Neither Treatment Nor Jail for California Drug Offenders [FEATURE]

California voters opted for treatment over prison for drug possession offenders when they passed Proposition 36 with 61% of the vote in 2000. But now, five years after voter-mandated funding for treatment expired, the deficit-wracked state government is refusing to ante up, equally cash-starved counties are refusing to fund treatment locally, and drug offenders are ending up with neither treatment nor jail.

California State Capitol, Sacramento
When Prop 36 was fully funded by voter mandate, people who were convicted of first- or second-time drug possession offenses and decided to opt in were placed on probation with the requirement that they enter treatment. Treatment was funded by the state. But after that initial five-year mandate, and as California's budget crisis worsened, state funding has shrunk each year, and waiting lists for treatment for Prop 36 offenders began to grow.

That's even as the program has proven a success. According to research conducted by UCLA, Prop 36 has reduced the number of people imprisoned for drug possession by 40%, or 8,000 people, saving taxpayers $400 million in corrections costs this year alone. Overall, Prop 36 has saved the state more than $2 billion in corrections costs.

Perversely, Prop 36 treatment didn't get a penny of it. Once the mandated funding of around $120 million a year expired, treatment funding fell from a high of $145 million in 2007-2008 to $118 million in 2008-2009, $18 million in 2009-2010, and zero last year. Gov. Jerry Brown (D) has proposed zero funding for Prop 36 treatment again this year.

"Prop 36 has helped reduce the number of people incarcerated for drug possession by nearly half, but there are still 9,000 of them in prison," said Margaret Dooley-Sammuli, deputy state director for Southern California for the Drug Policy Alliance, the group that sponsored Prop 36. "Most were never convicted of any serious or violent offense, but are there because they have a drug problem and multiple offenses. This is the same population that we've successfully been diverting from prison in huge numbers with no negative impact on public safety or on the taxpayers."

Prop 36's mandates are still in effect even if no one is allocating money to fund them. The court must still offer probation with the requirement that the offender goes to treatment, but now, instead of going to treatment, offenders go on a waiting list, which has grown weeks- and months-long as funding shrank, and which now may become endless.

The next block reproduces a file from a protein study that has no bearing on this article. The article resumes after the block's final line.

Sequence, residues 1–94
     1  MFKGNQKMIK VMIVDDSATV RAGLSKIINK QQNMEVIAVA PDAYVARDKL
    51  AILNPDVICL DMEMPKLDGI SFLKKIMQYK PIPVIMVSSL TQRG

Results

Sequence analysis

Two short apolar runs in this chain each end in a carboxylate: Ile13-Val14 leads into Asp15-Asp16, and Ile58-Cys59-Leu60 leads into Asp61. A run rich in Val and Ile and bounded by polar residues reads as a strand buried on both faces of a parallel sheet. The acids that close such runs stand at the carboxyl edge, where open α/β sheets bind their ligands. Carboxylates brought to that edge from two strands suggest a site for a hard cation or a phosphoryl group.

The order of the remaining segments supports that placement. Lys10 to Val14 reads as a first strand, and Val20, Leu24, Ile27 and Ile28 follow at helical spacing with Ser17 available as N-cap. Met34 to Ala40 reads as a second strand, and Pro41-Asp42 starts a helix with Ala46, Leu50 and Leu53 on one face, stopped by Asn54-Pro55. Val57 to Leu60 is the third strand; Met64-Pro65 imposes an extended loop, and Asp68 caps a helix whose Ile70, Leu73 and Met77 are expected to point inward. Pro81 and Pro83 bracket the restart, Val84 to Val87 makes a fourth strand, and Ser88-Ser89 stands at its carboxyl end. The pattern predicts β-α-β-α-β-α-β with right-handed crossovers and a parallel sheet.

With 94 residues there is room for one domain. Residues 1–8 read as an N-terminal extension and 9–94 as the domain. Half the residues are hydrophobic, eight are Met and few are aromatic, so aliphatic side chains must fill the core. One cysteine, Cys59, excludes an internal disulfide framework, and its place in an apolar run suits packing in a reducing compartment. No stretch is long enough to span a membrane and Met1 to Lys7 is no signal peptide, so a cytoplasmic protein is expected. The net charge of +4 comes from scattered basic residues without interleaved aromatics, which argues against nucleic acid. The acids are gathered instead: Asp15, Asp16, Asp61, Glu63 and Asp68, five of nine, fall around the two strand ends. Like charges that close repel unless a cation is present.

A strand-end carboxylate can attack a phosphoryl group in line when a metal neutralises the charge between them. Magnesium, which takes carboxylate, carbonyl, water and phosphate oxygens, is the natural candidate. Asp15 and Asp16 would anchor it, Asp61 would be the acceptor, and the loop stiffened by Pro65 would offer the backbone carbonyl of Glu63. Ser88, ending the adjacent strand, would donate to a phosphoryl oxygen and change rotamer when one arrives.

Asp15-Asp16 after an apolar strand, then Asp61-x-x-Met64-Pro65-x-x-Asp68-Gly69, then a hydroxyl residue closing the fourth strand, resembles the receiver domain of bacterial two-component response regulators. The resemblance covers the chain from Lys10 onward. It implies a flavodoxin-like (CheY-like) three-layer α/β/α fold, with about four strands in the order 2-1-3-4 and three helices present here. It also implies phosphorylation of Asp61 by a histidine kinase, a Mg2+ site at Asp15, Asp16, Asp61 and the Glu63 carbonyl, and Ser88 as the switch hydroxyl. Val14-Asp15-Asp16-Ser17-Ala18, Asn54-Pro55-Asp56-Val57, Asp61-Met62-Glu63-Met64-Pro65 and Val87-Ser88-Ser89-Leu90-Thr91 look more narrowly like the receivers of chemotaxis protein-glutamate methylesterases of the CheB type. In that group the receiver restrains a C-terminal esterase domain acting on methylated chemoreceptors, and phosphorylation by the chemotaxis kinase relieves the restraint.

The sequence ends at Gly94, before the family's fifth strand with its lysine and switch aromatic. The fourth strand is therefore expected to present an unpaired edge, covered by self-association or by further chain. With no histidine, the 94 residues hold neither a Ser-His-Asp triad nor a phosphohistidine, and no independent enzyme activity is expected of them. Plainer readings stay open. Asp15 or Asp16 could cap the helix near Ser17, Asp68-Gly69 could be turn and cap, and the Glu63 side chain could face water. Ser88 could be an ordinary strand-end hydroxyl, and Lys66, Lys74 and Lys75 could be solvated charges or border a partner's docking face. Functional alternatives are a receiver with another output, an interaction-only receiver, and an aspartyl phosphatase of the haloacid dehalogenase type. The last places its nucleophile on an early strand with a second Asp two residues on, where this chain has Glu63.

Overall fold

"If you don't really need drug treatment, that's not a problem," said Dooley-Sammuli, "but if you have a drug problem, you are being put at a serious disadvantage. You're not getting the treatment you're entitled to under Prop 36 and you're at greater risk of being found in violation of probation and incarcerated."

With the prospect of help from the state legislature grim, counties are scrambling to figure out what to do. None of the options look very good.

"Long before we had financial support, long before there were funds to subsidize persons involved in the criminal justice system in our treatment services, we were seeing people ordered into treatment by the courts. We have just reverted back to those days," Haven Fearn, director of the Contra Costa County Health Services Department's Alcohol and Other Drug Services Division, told the Oakland Tribune. "We still offer treatment services to those individuals, but if the treatment slots are unavailable at the time the court orders it, many of them will have to go onto a waiting list."

Santa Cruz County announced that will "phase out" Prop 36 by no longer monitoring its participants, and other counties have suggested they will send offenders to Narcotics Anonymous. But counties that do not provide Prop 36 treatment could face lawsuits from Prop 36 offenders facing incarceration after failing three drug tests, if those those counties did not provide the treatment required by Prop 36.

"The counties can't opt out," said Dooley-Sammuli. "This is a sentencing statute. No county can end Prop 36. What they are choosing to end is the providing of treatment."

If legislators were smart, they would pay for treatment, said Dooley-Sammuli. "We hope they will realize that the state is crazy to not provide counties the resources to deal more effectively and more cost-effectively with people convicted of drug possession. Probation and treatment are both cheaper than jail. Not only should treatment be funded," she said, "but we know where to find it: In the $450 million currently locked up in the prison budget to incarcerate drug possessors."

Dooley-Sammuli also suggested California make possession a misdemeanor, not a felony. "The legislature recognizes that drug possession isn’t an offense that warrants incarceration in state prison, and we're asking that they follow through with what that really means," she said.